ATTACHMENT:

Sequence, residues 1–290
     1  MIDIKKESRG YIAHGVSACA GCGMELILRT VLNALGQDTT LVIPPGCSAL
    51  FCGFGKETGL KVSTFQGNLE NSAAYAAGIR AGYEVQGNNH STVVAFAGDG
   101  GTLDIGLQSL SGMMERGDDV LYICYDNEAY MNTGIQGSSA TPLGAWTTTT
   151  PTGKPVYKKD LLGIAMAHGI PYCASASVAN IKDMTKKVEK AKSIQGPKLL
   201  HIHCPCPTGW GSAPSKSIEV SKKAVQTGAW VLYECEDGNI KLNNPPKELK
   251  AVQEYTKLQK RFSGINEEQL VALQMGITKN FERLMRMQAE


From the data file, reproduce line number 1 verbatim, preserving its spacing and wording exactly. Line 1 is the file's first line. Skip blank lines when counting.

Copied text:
Sequence, residues 1–290